City officials may tell you they accept so-called “accessory dwelling units,” or mother-in-law apartments, but when you apply for a permit, you enter a twilight zone of regulations and rules. You may be told that your home isn’t set back far enough from the street, or that you need a separate ventilation system for the rental space, or that your basement rental can’t be as large as the floor above, or that you don’t have enough space for parking.
Utah Rep. Ray Ward, R-Bountiful, has heard it all. He also has a basic philosophy concerning people who own houses. Cities “should not be telling them who else they can live with inside that space.”
Turns out that is a radical bit of conservative thought.
He has another philosophy. If Utah ever hopes to make up its current housing shortage, or to keep rents and home prices from accelerating faster than a Spacex rocket, it needs to let more people rent out space.
Ward is sponsoring HB82, a bill that would remove all these restrictions where such rentals are allowed within houses, provided the homeowner lives there, too, and the rentals are long-term, not overnight Air BnBs.
As he told me this week, the average number of people living in each house in Utah is trending downward as people age and fertility rates fall. A home that once housed a couple with six children may now house only a couple whose children have grown. Letting them rent space to four more people would be a cheap way to relieve some of the pressure for new housing.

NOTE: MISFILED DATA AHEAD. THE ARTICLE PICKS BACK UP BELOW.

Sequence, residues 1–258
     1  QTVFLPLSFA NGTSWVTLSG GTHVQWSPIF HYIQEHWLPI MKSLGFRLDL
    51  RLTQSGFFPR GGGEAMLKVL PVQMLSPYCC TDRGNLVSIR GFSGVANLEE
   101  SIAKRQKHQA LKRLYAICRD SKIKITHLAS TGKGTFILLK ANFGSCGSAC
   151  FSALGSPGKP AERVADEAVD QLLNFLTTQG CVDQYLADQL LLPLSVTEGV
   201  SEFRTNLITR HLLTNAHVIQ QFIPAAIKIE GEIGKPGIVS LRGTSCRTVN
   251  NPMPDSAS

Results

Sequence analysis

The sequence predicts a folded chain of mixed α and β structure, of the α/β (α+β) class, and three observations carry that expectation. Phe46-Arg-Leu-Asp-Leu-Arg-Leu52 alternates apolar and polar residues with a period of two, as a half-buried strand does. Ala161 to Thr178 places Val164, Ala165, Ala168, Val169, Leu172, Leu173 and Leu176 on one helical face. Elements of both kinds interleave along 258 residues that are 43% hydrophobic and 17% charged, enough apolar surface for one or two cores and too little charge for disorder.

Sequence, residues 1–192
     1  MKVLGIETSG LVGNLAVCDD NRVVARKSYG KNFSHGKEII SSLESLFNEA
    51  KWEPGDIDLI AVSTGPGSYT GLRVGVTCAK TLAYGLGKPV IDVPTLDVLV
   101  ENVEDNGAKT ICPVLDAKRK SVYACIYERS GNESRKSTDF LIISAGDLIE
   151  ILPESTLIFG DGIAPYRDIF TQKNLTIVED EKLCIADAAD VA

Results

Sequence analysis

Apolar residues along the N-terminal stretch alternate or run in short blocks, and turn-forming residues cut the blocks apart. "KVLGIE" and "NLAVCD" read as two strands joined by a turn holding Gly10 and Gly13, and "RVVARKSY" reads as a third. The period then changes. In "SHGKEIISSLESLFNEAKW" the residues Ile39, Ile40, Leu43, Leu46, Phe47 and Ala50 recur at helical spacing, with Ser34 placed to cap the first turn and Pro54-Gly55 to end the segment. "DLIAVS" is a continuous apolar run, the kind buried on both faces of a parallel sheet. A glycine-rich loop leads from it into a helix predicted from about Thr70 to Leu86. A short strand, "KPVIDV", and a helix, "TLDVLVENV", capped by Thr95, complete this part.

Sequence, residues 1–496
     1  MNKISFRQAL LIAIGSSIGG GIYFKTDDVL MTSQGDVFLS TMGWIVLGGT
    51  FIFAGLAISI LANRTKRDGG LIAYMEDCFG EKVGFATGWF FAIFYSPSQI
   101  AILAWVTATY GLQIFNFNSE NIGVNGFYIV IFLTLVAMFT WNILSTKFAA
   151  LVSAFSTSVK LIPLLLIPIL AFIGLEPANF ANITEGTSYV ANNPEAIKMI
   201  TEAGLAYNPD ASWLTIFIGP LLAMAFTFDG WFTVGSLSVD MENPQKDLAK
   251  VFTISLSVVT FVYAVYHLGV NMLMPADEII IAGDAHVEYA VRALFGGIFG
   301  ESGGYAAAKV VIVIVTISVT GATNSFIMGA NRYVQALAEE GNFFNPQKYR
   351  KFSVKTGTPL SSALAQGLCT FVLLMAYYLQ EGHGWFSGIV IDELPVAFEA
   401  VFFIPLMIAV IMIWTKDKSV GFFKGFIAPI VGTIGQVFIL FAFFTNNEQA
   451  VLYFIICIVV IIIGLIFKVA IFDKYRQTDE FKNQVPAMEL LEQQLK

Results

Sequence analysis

Experts say Utah has a shortage of about 53,000 dwelling units. Meanwhile, Zillow reports that the median home price in Salt Lake County is $434,907, and that it rose13.3% between December 2019 and December 2020. The website rentdata.org says a two-bedroom rental in the same county costs $1,176, more than 9% higher than a year ago.
The shortage and the rapidly rising prices are inextricably connected. To bring it down, Utah must let people find more places to live. “I just believe that supply and demand works,” Ward said.
A lot of city officials disagree. They are quick to remind people that they, not state lawmakers, were elected to make these decisions. At a legislative committee hearing last week, a city councilwoman in Bountiful, where Ward lives, said her city had evolved its rules for such rentals over time. Each step was hard fought, she said, adding that it’s better for cities to struggle with these issues than to have lawmakers tell them what to do.
Ward’s comeback is that cities hear only from the people who already live within their borders. These are the ones who shake clenched fists and make noise. They never hear from the people who would welcome the chance to live in such a rental, because they haven’t arrived yet.
The state, he said, has an interest in both groups.
He also rejects the idea that in-home rentals ruin neighborhoods.
“Homeowners don’t want to live in a slum,” he said. “In general, I just can’t see they want things to be miserable.”
It’s easy to prove this. The dirty little secret is that many people already rent parts of the houses out without permits.
Ward is on the right track. Without some imposition from the state, Utah cities will continue hacking away at in-house rentals with nit-picking rules, and housing costs will keep rising.
On Friday, the House Business and Labor Committee decided to hold the bill while Ward tries to overcome opposition. Still he’s hopeful the bill’s primary purpose will survive.
As he told the committee, rising home prices in Utah are the equivalent of a tax hike that added $3,000 a year to the cost of living over the last five years.
“Would you like to vote for that?” he asked fellow lawmakers.
Unless lawmakers, home builders and cities find ways to quickly increase the housing stock — and removing barriers to in-home rentals is a great start — it can only get worse.